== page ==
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Green & Associates, LLC Blog


Dec 18, 2016 @ 01:00 PM — by Michael Green

East Brunswick Divorce Lawyer

If you are seeking a free divorce consultation for an East Brunswick divorce and live in East Brunswick, New Jersey, we are a step away and offer free divorce consultations and night and weekend appointments for your uncontested divorce or contested divorce.  Call us at Green & Associates at 732-390-0480 in our East Brunswick divorce offices and speak to our experienced East Brunswick divorce lawyer and  East Brunswick divorce attorney today and ask us about our flat fee divorce and flat rate divorce for uncontested divorces!

Divorce from Bed and Board - The Implications

Feb 25, 2016 @ 01:09 PM — by Michael Green

Divorce from Bed and Board - The Implications.  When the parties are seeking a divorce and one of the parties needs to continue on the other party's health insurance, in some instances, the parties may obtain in New Jersey a divorce from bed and board, which is not an absolute divorce.  A divorce from bed and board allows with some health insurance a party to remain on the health insurance of the other party so long as the parties do not have an absolute divorce.  If your divorce has issues regarding health insurance, or if your divorce needs to be converted to an absolute divorce, contact our office at 732-390-0480 or 201-242-1119 for a free consultation regarding your divorce.  We have an East Brunswick divorce attorney and East Brunswick divorce lawyer or Fort Lee Divorce Attorney or Fort Lee Divorce lawyer to assist you.  Night and weekend appointments are available.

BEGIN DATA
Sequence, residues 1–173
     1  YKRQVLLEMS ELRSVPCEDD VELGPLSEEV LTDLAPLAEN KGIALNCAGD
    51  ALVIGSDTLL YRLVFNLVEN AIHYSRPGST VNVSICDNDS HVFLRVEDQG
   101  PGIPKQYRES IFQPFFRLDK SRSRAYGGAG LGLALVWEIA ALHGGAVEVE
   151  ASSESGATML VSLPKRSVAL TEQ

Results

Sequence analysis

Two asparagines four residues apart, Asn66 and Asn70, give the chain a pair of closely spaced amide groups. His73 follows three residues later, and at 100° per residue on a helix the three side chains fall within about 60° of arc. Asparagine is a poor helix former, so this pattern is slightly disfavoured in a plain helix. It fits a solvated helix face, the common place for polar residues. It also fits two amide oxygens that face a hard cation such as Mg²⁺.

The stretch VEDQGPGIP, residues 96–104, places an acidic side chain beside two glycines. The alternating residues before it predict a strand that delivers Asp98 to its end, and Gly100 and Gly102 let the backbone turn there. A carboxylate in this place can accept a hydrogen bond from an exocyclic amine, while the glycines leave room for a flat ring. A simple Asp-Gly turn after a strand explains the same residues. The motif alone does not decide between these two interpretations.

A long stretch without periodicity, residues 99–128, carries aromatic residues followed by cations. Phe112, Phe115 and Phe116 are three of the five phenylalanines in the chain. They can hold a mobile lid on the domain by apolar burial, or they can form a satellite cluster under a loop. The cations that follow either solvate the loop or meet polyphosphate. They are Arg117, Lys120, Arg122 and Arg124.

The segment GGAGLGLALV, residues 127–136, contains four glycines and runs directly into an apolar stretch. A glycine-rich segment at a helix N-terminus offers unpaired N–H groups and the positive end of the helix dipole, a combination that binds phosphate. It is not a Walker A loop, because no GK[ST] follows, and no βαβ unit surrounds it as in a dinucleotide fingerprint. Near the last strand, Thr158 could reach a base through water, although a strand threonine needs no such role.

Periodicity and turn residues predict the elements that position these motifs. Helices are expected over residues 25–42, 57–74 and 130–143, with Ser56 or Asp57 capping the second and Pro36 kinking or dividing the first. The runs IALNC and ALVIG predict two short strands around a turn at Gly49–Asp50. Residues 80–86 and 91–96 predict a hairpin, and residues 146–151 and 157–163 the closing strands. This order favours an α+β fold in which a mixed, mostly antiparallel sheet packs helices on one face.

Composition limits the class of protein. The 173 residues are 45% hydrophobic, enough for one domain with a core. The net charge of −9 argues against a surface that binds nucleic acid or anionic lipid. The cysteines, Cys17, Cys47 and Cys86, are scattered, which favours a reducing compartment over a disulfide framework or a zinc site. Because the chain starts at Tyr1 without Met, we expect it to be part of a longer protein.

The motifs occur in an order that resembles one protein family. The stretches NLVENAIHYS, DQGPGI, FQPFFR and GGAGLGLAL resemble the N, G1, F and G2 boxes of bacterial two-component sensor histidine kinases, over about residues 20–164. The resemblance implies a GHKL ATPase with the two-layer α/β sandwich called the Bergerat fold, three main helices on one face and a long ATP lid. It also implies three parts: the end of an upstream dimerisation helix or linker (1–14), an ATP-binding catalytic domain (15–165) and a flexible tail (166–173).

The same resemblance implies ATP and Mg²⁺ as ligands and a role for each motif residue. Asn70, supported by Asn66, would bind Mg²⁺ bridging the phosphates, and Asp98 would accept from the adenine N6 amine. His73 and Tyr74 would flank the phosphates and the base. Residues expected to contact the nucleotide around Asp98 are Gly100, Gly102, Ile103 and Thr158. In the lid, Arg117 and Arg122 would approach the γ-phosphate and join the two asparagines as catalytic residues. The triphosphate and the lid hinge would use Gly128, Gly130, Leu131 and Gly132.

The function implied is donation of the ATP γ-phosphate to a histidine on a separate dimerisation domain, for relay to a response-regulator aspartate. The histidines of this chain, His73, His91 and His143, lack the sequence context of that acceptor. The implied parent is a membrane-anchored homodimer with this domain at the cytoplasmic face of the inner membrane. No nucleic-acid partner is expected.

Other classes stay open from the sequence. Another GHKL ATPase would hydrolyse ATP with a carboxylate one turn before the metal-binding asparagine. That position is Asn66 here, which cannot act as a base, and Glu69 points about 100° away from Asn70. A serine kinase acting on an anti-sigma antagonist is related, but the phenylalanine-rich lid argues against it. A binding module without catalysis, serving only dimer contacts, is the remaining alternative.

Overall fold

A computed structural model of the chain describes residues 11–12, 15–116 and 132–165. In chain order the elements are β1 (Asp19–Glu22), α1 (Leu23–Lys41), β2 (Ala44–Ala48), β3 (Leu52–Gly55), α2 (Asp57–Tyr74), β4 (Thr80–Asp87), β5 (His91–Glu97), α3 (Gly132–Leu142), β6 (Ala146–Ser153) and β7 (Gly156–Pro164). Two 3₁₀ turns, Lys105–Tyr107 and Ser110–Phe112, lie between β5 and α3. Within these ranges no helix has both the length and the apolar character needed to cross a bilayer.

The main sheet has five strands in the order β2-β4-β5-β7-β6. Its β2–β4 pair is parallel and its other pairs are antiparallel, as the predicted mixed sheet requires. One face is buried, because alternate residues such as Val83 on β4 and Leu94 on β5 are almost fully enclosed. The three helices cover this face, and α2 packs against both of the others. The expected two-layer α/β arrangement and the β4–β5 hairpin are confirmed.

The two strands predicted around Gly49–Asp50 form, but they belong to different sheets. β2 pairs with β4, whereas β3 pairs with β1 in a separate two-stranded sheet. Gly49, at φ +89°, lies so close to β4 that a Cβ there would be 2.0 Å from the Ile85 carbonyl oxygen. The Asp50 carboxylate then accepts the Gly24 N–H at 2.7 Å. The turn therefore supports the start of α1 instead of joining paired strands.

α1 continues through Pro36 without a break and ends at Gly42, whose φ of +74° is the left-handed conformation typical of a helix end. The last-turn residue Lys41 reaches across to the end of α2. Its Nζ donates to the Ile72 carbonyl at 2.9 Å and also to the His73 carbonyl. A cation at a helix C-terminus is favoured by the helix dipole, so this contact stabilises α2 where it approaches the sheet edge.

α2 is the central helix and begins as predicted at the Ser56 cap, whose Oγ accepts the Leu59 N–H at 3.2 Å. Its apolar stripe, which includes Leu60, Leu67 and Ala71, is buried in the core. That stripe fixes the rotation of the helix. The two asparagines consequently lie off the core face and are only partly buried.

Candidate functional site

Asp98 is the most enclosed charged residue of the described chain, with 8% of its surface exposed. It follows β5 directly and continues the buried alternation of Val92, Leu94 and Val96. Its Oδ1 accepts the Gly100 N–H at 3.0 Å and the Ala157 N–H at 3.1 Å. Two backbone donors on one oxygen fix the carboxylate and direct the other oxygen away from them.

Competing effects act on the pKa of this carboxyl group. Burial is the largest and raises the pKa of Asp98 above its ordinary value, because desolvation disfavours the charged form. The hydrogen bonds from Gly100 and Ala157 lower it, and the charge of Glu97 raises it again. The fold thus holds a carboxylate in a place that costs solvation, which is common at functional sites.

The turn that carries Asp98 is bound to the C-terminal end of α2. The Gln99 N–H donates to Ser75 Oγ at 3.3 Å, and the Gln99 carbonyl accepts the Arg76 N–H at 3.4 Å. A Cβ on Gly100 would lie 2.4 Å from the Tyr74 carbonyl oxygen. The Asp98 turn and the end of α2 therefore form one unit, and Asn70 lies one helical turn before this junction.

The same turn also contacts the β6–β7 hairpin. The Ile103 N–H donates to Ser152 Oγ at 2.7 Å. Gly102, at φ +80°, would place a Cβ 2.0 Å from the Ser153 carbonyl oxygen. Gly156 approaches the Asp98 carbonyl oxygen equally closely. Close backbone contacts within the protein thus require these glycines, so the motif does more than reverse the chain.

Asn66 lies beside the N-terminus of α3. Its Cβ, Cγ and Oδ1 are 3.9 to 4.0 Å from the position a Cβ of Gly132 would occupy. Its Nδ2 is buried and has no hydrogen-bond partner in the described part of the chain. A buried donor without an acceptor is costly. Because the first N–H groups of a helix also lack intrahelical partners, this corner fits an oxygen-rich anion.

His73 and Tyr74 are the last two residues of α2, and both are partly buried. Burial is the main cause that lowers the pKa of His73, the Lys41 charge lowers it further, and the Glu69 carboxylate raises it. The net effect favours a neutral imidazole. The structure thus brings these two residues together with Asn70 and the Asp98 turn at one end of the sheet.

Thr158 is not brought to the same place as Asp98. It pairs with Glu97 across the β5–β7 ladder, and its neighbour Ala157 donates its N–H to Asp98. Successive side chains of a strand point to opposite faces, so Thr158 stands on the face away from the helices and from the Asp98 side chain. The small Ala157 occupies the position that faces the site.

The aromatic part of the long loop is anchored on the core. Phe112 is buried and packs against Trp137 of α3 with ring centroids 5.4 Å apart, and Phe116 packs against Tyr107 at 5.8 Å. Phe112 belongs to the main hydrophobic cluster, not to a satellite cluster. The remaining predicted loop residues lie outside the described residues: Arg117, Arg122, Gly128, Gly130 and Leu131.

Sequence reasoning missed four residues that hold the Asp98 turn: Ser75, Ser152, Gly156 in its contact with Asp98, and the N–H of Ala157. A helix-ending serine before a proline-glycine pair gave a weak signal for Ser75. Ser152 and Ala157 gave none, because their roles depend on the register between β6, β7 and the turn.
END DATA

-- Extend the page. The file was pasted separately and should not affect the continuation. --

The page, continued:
Shared Physical Custody - The New Normal?

Sep 30, 2013 @ 01:31 PM — by Michael Green

As more and more parties to a divorce with children both seek to have a large role in their children's lives, many parties are now either agreeing by consent to shared physical custody or a party seeks shared physical custody.

In the past, the norm may have been that one parent was the stay at home or worked part time or was the primary nurturer. More and more often today, both parties wish to have a primacy of nurturing in their children's lives. Therefore, rather than, in terms of custody, one parent is the parent of primary residence and one parent is the parent of alternate residence, many parties are now agreeing upon shared physical custody.

The old norm often had the mother as the parent of primary residence and the father having the children for overnights on alternate weekends.